Table Weed suppression Table Weed cover in biomulch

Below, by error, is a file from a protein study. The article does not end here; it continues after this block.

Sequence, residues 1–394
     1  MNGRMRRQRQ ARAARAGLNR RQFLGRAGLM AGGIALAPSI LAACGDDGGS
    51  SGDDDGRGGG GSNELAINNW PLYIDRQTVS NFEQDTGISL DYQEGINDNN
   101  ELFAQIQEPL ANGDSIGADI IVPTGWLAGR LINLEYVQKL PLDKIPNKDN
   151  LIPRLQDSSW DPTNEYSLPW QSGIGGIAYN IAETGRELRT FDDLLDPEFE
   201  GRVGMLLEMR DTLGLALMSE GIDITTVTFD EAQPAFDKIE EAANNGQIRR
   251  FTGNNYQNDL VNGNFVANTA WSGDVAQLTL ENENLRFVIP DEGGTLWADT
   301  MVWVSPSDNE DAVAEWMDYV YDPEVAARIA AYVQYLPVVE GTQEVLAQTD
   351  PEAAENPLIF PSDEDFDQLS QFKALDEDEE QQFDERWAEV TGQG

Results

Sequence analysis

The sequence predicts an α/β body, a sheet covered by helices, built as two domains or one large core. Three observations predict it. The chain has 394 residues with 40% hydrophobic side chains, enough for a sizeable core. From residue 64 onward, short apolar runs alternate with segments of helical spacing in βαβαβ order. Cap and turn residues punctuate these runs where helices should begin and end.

Overall, results suggest that biofabrics and bioplastics are useful for conserving soil moisture in irrigated vegetable cropping systems, relative to bare soil. As long as the mulch remains intact, it should serve to reduce soil water evaporative loss within the crop row (Larsson and Båth, 1996). However, as the mulch deteriorates and bare soil is exposed, evaporative loss will increase. As the growing season progresses and Linifanib becomes limiting, soil moisture beneath impermeable mulches (i.e., PE and bioplastic films) tends to decrease if drip irrigation rates are not increased (Larsson and Båth, 1996). One potential benefit of spunbond, nonwoven biofabrics is that they are permeable and precipitation may percolate through the fabric into the soil below. The combination of permeability and the physical barrier to evaporative loss resulted in substantial increases in soil moisture after significant rainfall events in 2013 of this study (weeks 9 and 15 after transplanting; Table 4). In this way, biofabrics perform physically more similar to organic mulch like straw or wood chips, than they do a typical PE film (Larsson and Båth, 1996). Permeability of biofabrics will also help to reduce excessive runoff associated with plasticulture production systems, which is increasingly important for farms located in and around cities where storm water management is of concern (Wortman and Lovell, 2013).